Women - Coming Back to the Original Blueprint - Part 5
Over the Centuries and into the Future
This article is part 5 in a series. If you haven’t read the other articles you can start with Part 1 here.
Over the centuries
The early church, that the original disciples and Paul knew and lived in, began to change after their deaths as different factions and beliefs began to infiltrate the church.
By the end of the second century the church had started to become institutionalised and even used for political purposes. It was made the state religion by both Constantine and Tiridates 111 of Armenia. Soon after that it split because of differing opinions, into two divisions – the Eastern church, and what would eventually become the western church as we know it today.
During these years women were slowly excluded from leadership positions, with many people’s views in regards to women reverting back to those of the secular world around them. Once more women were seen as being less than men.
Tertullian, the second-century Latin church father, wrote that "It is not permitted to a woman to speak in church. Neither may she teach, baptize, offer, nor claim for herself any function proper to a man, least of all the sacerdotal office." ( “On the Veiling of Virgins”). Yet there were still those who tried to defend women and stand up for their right to be all Christ called them to be.
Limits established in serving God
Around this time we see the beginnings of religious orders begin to be established – for both men and women. Monasteries and convents began to be established and for many women this was the only way they could follow the call of God on their life, to devote themselves to His service. Others, who were called by God, yet married, were forced to find their expression in serving the Lord in caring for their families, widows, and the poor.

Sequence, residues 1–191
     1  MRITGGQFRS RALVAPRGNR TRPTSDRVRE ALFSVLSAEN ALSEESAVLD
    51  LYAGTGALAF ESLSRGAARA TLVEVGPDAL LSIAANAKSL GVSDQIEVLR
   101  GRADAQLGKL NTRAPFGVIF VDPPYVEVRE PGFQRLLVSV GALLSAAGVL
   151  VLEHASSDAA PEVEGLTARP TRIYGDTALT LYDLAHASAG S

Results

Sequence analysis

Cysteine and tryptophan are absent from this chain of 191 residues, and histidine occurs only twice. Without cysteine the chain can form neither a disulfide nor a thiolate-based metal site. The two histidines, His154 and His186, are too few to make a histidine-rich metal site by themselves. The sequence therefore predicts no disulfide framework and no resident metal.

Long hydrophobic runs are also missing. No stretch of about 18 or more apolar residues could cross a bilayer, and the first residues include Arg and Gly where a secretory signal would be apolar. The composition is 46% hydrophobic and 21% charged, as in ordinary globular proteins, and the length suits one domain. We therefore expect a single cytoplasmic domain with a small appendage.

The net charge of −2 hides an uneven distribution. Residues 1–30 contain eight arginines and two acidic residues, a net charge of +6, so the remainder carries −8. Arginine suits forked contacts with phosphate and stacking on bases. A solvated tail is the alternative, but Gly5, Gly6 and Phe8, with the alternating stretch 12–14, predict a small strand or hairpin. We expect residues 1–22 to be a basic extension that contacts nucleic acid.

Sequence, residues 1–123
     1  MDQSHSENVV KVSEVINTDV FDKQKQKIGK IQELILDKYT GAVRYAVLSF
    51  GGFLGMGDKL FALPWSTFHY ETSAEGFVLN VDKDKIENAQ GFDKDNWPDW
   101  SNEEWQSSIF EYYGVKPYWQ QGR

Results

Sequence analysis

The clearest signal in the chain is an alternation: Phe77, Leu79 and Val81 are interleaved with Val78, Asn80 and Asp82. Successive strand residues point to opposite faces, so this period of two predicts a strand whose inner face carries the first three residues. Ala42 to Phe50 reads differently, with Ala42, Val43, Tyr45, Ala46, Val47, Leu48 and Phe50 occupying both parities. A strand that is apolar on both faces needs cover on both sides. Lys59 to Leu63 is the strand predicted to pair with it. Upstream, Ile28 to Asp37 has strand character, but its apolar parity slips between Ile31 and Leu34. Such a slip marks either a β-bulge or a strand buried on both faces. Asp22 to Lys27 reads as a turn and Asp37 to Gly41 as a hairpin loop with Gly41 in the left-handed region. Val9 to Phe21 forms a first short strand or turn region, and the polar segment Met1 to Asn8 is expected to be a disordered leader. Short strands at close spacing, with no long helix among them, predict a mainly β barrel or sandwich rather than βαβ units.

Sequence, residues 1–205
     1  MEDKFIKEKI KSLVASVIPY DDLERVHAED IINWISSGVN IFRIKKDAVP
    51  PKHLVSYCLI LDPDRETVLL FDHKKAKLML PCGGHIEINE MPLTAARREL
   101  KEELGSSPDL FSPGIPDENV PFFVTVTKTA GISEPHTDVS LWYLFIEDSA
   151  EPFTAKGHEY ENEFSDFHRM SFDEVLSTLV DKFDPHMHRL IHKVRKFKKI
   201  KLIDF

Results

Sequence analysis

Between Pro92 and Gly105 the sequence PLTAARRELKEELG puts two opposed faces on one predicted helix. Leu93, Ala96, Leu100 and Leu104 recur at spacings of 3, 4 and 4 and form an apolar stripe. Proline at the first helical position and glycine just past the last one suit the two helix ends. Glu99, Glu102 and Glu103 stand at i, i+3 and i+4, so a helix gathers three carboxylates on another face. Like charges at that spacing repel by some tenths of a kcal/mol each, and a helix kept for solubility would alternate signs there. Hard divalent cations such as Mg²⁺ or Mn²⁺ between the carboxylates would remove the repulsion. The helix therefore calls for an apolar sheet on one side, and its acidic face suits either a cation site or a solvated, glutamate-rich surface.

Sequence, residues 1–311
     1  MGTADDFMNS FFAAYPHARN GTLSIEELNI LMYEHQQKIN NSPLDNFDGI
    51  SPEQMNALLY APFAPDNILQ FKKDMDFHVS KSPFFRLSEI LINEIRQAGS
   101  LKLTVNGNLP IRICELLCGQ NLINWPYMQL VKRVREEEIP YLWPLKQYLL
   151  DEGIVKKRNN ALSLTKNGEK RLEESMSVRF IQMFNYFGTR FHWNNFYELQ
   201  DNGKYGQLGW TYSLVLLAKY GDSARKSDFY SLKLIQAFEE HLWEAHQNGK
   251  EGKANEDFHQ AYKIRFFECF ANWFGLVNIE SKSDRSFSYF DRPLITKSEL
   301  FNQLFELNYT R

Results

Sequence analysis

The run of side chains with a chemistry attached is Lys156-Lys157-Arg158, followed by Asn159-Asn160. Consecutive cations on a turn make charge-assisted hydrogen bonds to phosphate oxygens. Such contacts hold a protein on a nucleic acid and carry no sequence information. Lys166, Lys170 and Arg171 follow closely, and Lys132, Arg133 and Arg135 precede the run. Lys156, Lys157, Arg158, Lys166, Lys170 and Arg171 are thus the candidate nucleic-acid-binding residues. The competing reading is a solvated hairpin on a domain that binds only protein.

As more convents arose the women leaders of those became women of influence and power, yet in the end, as great as that power was, it was still subservient to the men who ruled over them as Bishops, Popes etc. In the Roman Catholic and Eastern Orthodox Church, the priesthood, and the ministries dependent upon it – such as Bishop, Patriarch and Pope – were restricted to men. At the first Council of Orange (441) they forbade the ordination of women as deacons.
By the time of the Protestant Reformation in the 1500’s both the Protestant and Roman Catholic churches had established convents, but the Reformation led to the closing of Protestant convents, leaving only Roman Catholic convents as places where women could formally serve the Lord.
Between the 3rd century and 10th century five women were given gender changes in historical documents, and even in the Bible itself. This gender reassignment, as we’ll see in another series of articles, had a huge impact on the church for centuries, promoting the idea that all New Testament leaders in the church were male and that male leadership of the church was God’s idea. It’s only been in the last century that the Bible has been corrected and the altered names changed back to the original female names.